Calcium phosphate ceramics as molecular bone inducers
Calcium phosphate ceramics are widely used in the clinic as bone graft substitutes. Many types of ceramics are known, differing in both material chemistry and surface structure. In the past, we used porous calcium phosphate ceramics as a scaffold for autologous bone tissue engineering.
We shifted our focus because our colleagues at Progentix b.v. and the department of IBE discovered that ceramics can acquire osteo-inductive properties: they can trigger differentiation of stem cells into osteoblasts in vivo! A guiding design principle is that the ceramics are microporous.
Bone tissue (red stain) formed by human mesenchymal stem cells, seeded onto a porous calcium phosphate ceramic (black). Note the osteocytes embedded in the calcified matrix (from Siddappa et al.).
AT cBITE, we want to understand how microporous materials activate the osteogenic differentiation process. We use for example transcriptomic approaches to analyze the genomic expression profiles correlating to bone induction. It seems that calcium and phosphate ions strongly induce a set of osteogenic marker genes, but surface topography is an osteogenic signal in itself. We also discovered that osteo-induction in mice is very much dependent on the genetic background of the mice. We think that modern molecular genetic tools will help to reverse engineer the elegant process of material-induced bone induction.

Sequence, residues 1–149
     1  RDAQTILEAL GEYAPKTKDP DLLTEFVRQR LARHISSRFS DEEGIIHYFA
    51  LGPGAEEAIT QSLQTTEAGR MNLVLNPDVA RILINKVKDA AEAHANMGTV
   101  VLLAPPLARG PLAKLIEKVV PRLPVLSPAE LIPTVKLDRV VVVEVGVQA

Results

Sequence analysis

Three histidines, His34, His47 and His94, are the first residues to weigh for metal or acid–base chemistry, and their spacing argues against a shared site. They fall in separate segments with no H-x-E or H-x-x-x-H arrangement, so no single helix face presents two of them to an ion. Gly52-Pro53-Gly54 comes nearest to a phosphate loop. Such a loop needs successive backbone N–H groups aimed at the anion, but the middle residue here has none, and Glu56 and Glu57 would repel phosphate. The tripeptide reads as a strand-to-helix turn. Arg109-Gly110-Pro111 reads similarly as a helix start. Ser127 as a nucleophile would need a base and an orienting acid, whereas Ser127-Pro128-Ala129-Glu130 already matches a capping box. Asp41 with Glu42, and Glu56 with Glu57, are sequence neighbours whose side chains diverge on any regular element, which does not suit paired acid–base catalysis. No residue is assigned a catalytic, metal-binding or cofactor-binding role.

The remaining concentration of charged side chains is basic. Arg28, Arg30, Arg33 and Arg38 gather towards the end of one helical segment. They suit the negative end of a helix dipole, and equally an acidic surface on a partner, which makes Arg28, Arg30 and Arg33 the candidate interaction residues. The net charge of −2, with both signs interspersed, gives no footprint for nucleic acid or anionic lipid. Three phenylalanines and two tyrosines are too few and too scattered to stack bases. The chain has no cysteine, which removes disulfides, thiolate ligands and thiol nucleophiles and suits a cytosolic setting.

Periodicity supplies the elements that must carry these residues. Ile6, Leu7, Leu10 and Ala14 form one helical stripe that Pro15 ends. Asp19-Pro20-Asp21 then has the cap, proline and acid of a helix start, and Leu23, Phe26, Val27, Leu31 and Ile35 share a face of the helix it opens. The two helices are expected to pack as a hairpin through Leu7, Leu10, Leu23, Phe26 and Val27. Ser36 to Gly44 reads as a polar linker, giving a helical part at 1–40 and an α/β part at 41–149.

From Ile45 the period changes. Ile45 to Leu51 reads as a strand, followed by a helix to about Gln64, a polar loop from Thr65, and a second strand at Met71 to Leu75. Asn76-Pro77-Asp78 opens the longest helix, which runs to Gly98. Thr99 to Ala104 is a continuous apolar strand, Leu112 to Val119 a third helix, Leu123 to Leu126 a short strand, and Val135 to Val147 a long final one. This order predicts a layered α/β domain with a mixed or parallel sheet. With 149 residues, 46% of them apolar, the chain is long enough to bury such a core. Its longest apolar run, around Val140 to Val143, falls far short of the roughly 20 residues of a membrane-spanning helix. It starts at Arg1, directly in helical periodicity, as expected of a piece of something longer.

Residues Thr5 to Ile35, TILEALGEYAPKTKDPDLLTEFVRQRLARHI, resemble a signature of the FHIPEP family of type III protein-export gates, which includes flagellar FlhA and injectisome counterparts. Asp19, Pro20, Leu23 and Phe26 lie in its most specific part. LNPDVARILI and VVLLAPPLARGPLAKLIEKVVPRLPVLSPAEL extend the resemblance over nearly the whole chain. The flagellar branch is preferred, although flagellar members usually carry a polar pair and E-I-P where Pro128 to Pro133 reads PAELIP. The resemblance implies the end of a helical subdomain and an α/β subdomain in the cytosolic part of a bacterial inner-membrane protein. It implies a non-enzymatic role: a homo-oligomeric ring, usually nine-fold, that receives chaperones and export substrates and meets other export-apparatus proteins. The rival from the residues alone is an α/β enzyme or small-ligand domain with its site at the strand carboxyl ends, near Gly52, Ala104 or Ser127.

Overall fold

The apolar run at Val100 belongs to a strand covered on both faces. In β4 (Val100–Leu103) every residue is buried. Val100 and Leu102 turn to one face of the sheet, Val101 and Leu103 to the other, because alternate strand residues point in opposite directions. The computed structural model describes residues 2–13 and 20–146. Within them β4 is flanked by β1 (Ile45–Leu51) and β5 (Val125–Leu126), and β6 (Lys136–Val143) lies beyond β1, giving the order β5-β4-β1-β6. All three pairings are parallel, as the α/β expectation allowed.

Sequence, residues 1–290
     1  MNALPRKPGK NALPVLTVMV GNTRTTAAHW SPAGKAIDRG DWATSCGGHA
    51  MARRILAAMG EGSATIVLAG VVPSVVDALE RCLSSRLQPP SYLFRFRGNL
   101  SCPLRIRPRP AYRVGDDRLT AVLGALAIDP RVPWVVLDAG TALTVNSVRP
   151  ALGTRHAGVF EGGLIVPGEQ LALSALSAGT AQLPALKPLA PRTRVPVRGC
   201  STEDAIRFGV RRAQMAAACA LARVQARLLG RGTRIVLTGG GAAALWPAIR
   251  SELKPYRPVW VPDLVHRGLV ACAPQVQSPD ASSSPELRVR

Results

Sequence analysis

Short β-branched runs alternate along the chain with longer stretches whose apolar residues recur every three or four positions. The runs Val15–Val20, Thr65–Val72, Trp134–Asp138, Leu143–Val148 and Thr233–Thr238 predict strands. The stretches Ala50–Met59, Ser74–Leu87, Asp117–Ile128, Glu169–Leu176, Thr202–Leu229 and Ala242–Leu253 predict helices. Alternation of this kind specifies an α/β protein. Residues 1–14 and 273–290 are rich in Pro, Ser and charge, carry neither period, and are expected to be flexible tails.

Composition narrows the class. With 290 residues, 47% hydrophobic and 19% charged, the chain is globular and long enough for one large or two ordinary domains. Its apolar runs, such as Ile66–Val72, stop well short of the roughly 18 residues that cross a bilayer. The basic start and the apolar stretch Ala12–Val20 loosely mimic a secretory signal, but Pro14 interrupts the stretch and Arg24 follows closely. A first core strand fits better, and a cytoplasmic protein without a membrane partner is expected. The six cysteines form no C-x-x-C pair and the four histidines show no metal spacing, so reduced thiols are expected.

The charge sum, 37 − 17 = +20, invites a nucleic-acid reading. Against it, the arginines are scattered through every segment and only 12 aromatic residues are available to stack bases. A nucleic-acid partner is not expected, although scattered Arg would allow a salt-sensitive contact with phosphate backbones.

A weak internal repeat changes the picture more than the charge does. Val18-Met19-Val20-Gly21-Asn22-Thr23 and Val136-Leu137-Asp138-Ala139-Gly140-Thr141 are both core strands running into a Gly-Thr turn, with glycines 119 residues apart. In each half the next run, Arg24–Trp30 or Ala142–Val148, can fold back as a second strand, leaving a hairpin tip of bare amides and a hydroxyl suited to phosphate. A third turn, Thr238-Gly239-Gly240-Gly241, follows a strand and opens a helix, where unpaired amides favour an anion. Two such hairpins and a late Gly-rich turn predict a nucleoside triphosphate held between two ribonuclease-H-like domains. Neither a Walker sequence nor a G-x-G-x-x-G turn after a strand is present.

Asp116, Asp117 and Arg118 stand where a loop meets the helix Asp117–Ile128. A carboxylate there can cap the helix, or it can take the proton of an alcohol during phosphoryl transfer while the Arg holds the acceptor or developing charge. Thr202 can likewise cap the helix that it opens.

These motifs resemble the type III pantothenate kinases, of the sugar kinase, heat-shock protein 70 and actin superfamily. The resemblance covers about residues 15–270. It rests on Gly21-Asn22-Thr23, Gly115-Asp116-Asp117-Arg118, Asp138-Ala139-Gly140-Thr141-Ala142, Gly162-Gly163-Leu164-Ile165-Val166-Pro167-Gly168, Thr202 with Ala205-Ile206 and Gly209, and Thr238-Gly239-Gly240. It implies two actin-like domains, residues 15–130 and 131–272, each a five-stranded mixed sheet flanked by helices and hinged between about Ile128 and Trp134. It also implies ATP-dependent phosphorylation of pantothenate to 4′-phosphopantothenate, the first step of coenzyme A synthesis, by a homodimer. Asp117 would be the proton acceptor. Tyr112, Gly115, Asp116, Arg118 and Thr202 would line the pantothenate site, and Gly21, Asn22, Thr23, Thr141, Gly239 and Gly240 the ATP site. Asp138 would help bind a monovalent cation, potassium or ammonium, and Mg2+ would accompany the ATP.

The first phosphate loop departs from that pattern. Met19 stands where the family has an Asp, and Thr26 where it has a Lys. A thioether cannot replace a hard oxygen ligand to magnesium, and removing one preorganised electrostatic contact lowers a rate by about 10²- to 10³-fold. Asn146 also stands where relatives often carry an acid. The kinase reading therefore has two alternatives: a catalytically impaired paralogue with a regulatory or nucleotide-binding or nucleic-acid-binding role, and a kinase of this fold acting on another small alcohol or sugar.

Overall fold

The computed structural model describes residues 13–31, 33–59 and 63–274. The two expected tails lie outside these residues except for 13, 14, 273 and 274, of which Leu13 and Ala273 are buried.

Inducing bone formation by cAMP/PKA pathway activation: Siddappa et al., PNAS, 2008
A gene network for bone induction: Groen et al., Adv Mater, 2017
A method to engineer new bone using ceramic particles: Chatterjea et al., Tissue Eng Part A, 2013
A mouse model for ceramics induced bone induction: Barradas et al., Integr Biol (Camb), 2013
Check out the website of our former colleagues at Progentix about clinical use of osteoinductive ceramics.
See the website of Pamela Habibović’ IBE lab to learn more about the osteo-induction from a material engineering angle.